The watercolor paintings of Sandra Roper
By LEAH RYHNE
If a picture is worth a thousand words, Greenville-based artist Sandra Roper has written millions. Through her Lowcountry-inspired watercolor paintings and prints, she seeks to share the history of the world she loves.
“I’ve always enjoyed the South, and being brought up in a southern culture,” she says. “Charleston was a natural fit for me when I began painting.” It’s easy to see why. Roper’s online gallery space is filled with images of the Lowcountry. The houses of Rainbow Row stand strong against the battering ram of an angry sea. Careworn women shuck oysters as they have for generations. Draft horses rest after pulling carriages full of tourists. A warm breeze whispers through a peaceful salt marsh.
In each painting, Roper hopes to share a story—the story of the Lowcountry. “When I started researching architecture and the history of homes in Charleston, I got really interested. Not necessarily the main stories but in some of the smaller ones. Regular people who lived prior to the Civil War or even the Revolutionary War. How they lived. Where they lived.”
Thus Roper began painting the historic homes, but never before learning their histories, which she’s willing to share. “The Poyas-Mordecai house on Meeting Street has a great history,” she notes. “It was owned by a Jewish man who was a merchant mariner. He helped the Confederacy during the Civil War, running supplies to and from Charleston. He ran up the rivers, and was able to sneak around the war itself.”
Mordecai’s history wasn’t all excitement and romance, though, as Roper continues. “Mordecai spent all his money supplying the needy with food, supplies and whatever was needed during the war. He lost his fortune and lost his home.”
Roper’s painting of the Poyas-Mordecai house is a subtle peek at that story. The house sits in the background, tucked behind Palmetto trees. A shining red tin roof speaks to contemporary upkeep, while a shroud of algae creeps up the wall. An American flag flies behind it. Nods to past, present and patriotism mingle in a single image.
Roper has been painting all her adult life. “I graduated from USC in Columbia as an art major, and then I went to work in graphic design.” For years she remained in the field and in advertising, working her way up. “I loved it,” she says. “I absolutely loved it. But I was working 60, 65 hours a week.”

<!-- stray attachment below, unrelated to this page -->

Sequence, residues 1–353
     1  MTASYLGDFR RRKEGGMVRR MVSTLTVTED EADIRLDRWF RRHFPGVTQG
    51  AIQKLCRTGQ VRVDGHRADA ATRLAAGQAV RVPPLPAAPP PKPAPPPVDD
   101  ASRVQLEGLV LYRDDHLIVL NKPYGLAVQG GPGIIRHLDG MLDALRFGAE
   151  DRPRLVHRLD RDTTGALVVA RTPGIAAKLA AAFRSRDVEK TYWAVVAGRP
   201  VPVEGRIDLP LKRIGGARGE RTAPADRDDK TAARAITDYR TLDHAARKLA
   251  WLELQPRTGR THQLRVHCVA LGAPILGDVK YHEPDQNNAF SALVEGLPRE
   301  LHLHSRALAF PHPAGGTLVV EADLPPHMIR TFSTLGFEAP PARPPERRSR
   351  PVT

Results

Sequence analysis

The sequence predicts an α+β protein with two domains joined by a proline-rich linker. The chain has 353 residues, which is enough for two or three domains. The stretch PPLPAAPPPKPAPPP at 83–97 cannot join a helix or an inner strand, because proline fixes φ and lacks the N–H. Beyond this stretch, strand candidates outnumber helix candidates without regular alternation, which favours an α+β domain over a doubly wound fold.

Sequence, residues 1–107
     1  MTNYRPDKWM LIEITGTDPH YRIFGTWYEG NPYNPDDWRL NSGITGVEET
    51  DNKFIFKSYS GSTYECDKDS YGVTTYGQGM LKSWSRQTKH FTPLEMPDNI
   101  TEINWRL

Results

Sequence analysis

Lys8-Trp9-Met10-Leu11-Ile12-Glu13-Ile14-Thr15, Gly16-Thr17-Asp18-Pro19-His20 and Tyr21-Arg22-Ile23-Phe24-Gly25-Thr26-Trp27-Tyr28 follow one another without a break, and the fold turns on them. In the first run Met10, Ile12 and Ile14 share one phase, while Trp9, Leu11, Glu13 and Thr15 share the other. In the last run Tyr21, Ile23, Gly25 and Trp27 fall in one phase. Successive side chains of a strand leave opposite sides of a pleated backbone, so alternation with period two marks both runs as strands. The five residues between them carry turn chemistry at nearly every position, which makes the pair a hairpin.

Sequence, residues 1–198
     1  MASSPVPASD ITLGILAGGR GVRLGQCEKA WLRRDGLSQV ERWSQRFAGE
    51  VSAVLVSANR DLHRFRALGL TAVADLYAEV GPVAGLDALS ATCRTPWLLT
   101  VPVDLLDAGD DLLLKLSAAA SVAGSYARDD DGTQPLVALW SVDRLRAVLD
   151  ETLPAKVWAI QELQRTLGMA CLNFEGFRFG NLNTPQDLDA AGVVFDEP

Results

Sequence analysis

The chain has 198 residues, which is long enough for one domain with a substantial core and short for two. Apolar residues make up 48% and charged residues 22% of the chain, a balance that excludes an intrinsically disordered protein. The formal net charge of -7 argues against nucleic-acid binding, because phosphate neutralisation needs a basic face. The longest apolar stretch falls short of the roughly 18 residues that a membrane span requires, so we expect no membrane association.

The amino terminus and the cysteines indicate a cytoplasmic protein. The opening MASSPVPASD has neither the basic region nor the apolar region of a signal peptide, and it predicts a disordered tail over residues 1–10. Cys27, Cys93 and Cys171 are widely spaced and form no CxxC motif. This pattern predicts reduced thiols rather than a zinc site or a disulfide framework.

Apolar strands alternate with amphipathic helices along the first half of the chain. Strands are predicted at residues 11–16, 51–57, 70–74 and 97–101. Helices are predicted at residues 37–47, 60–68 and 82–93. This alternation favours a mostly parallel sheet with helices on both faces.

When she had children, those hours were no longer sustainable. Roper returned to painting, beginning with commissions for house portraits and then, again, working her way up. The flexible schedule allowed her to take care of her two sons. “I never missed a baseball game, I always say.”
Despite a start in oils, today Roper paints in watercolors. “It’s an amazing medium. It’s more difficult; you really have to think about what you’re doing, but if you get it going right, it’ll paint itself in ways. It does some amazing effects.” She laughs. “And I don’t have to clean my paintbrushes, so that’s always great.”
From paintings, Roper branched out into printing. She owns her own printing equipment, controlling the quality and quantity of each print she sells. She even joined the Lowcountry Artist Gallery, the oldest artist-owned gallery in Charleston. Along with eight other local artists, they run the gallery like a co-op, each artist contributing a set number of hours each month. Roper commutes from her Greenville home, but is happy to do so. During those visits, she can photograph new subjects for future paintings.
Recently, Roper embarked on a new painting project. She has found fresh stories to tell. “I’m searching for the extraordinary in the ordinary,” she says. Her new subjects are people, mostly, doing the “dirty jobs” that have always been part of the Lowcountry landscape. “I’m painting shrimpers, and Gullah women who do oyster shucking or work with the shrimp boats.”
Through this work, Roper seeks to preserve a way of life. “A lot of that history is leaving South Carolina, and has been,” she says. “I’m hoping all the promotion of ‘local first’ will bring it back, but I know it’s hard to compete with mass production.”
To find her subjects, Roper travels all over the Lowcountry. “One woman I spoke with in Bluffton started shucking oysters when she was 12, and now she’s in her eighties and she still does it. I talked to her as much as I could. Some of these people don’t like to talk too much to these people that come around and quiz them. It’s hard to establish a relationship.”
Still, Roper wants to share their stories. As a painter, she’s a storyteller, and luckily, the people, places and faces of the Lowcountry have plenty more stories to tell. sandraroper.com